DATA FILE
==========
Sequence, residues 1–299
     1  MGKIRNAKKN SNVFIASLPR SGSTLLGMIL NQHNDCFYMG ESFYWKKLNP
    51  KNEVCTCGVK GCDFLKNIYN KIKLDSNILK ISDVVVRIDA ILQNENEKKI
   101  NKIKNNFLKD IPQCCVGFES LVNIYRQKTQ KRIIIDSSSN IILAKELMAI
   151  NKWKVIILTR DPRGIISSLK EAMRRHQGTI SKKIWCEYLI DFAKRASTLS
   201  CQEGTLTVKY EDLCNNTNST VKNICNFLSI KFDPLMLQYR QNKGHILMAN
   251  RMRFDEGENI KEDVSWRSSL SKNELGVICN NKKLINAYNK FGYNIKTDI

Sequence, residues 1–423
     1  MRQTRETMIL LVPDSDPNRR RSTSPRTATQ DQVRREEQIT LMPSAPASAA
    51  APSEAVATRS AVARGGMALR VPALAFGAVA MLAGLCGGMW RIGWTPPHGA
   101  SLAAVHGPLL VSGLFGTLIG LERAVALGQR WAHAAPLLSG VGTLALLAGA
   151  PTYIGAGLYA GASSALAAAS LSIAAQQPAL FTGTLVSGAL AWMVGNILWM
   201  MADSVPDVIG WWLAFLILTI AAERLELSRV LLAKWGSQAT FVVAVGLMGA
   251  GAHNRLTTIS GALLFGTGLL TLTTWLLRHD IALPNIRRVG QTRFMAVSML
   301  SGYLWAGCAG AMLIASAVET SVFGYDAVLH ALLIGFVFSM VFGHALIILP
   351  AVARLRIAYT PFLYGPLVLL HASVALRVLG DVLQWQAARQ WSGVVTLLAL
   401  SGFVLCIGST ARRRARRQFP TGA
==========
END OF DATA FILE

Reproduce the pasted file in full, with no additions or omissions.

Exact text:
Sequence, residues 1–299
     1  MGKIRNAKKN SNVFIASLPR SGSTLLGMIL NQHNDCFYMG ESFYWKKLNP
    51  KNEVCTCGVK GCDFLKNIYN KIKLDSNILK ISDVVVRIDA ILQNENEKKI
   101  NKIKNNFLKD IPQCCVGFES LVNIYRQKTQ KRIIIDSSSN IILAKELMAI
   151  NKWKVIILTR DPRGIISSLK EAMRRHQGTI SKKIWCEYLI DFAKRASTLS
   201  CQEGTLTVKY EDLCNNTNST VKNICNFLSI KFDPLMLQYR QNKGHILMAN
   251  RMRFDEGENI KEDVSWRSSL SKNELGVICN NKKLINAYNK FGYNIKTDI

Sequence, residues 1–423
     1  MRQTRETMIL LVPDSDPNRR RSTSPRTATQ DQVRREEQIT LMPSAPASAA
    51  APSEAVATRS AVARGGMALR VPALAFGAVA MLAGLCGGMW RIGWTPPHGA
   101  SLAAVHGPLL VSGLFGTLIG LERAVALGQR WAHAAPLLSG VGTLALLAGA
   151  PTYIGAGLYA GASSALAAAS LSIAAQQPAL FTGTLVSGAL AWMVGNILWM
   201  MADSVPDVIG WWLAFLILTI AAERLELSRV LLAKWGSQAT FVVAVGLMGA
   251  GAHNRLTTIS GALLFGTGLL TLTTWLLRHD IALPNIRRVG QTRFMAVSML
   301  SGYLWAGCAG AMLIASAVET SVFGYDAVLH ALLIGFVFSM VFGHALIILP
   351  AVARLRIAYT PFLYGPLVLL HASVALRVLG DVLQWQAARQ WSGVVTLLAL
   401  SGFVLCIGST ARRRARRQFP TGA